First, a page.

Retailers cater for spoilt brats dressed up as femme fatales
I often watch disdainfully as girls as young as five prance around in sexy outfits, smeared in kids' make-up, clutching purses and all.
But their mother's faces glow with gratification.
In a country that is crawling with paedophiles, why do national fashion outlets like Edgars, Mr Price and Ackermans endorse this sexualisation of the innocent through fashion.
Woolworths, particularly, specialises in grown-up outfits made in small sizes. Children as young as four have a whole wardrobe to coordinate.
Woolworths said that girls develop earlier these days and it caters for their needs.
They even make bras, some of them padded, to accentuate a small kid's bust.
I saw a pre-school girl harassing the staff at Edgars for a bra in her size. I was given no choice but to concede that mental development is also on the rise and that shops can only offer what is in demand.
The undeniable truth is that shops set the trends. Children don't start asking until they see.
However, it has to be said that, as rapists cannot blame their actions on the dress code of their victims, you cannot judge children's future conduct on their fashion sense.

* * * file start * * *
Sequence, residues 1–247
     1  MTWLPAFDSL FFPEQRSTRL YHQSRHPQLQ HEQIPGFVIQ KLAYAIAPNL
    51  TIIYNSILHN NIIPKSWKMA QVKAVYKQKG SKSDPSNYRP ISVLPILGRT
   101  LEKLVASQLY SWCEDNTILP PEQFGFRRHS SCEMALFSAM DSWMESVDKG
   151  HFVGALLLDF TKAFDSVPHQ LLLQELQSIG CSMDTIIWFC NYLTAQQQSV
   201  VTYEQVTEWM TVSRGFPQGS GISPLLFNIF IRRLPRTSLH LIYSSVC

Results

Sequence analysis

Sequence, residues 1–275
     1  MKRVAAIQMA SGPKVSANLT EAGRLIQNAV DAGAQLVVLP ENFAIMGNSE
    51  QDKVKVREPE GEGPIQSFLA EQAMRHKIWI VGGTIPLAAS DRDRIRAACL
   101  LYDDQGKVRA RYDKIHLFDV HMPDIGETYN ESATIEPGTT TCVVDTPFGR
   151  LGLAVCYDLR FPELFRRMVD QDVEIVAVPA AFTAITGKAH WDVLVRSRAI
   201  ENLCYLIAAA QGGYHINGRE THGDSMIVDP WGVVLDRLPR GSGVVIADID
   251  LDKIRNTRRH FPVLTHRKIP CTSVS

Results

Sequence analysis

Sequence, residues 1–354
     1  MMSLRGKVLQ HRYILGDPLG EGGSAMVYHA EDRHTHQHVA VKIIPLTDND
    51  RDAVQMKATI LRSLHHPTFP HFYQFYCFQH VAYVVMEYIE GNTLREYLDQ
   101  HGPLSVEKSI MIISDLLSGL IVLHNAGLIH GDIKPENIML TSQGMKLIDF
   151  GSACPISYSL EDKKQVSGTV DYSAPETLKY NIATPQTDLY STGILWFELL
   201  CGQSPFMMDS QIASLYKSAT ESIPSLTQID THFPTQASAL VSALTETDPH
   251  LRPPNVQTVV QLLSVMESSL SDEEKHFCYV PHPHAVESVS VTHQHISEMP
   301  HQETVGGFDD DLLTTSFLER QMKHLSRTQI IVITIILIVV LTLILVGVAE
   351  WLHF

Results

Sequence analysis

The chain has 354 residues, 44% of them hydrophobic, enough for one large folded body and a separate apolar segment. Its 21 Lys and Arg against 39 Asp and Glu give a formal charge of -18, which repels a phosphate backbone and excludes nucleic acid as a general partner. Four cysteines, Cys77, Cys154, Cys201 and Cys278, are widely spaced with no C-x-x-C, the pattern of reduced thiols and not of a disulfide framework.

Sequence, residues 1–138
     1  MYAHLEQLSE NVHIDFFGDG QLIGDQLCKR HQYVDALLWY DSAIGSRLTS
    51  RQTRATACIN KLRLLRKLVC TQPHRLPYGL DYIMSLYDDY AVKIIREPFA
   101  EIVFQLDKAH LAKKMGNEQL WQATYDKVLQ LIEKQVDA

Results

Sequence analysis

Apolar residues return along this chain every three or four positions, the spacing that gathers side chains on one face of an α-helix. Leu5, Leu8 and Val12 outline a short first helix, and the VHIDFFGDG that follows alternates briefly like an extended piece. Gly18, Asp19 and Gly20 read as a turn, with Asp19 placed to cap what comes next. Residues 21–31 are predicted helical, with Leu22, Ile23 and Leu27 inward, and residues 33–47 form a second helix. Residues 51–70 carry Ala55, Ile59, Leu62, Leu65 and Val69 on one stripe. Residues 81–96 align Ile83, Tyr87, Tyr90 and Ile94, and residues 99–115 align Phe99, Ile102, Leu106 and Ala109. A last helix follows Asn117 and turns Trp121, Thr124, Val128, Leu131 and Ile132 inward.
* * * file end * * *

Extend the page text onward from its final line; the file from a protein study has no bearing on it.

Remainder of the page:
"We live in a very democratic society, so dictating what your kid may or may not wear to fend off sexual advances is as good as stealing that child's childhood from her," said child counsellor Matshidiso Letlaka.
"Just because a child is dressed up like a small lady it doesn't mean that her parents are raising her to be a little madam."
But Mosidi Motaung, 34, disagrees. She said that dressing kids like little femme fatales heightens their curiosity about their femininity and how powerful that factor can be.
"Even the kind of toys they are bought leave an impression. What they learn in the early stages of their lives might define many future decisions."
Khosi Ndaba, 30, believes that it is the responsibility of every parent to make sure that the fight against sex crimes is won.
"If parents stop buying these outfits, the shops will stop selling them, but if they dress their children to look like a smaller version of themselves they are endorsing this sexualisation of children."
Julia Pheko, 23, says that though a child's image is her parents' prerogative, it is important for the development of people go through stages like nature's seasons.
Noli Shabalala, 50, thinks that what is available for girl children is "appalling, given the struggle we are facing as mothers of small girls".
Nthabiseng Makhale wags her finger at the fashion outlets.
"They leave parents no choice but to choose from what is on offer," she says.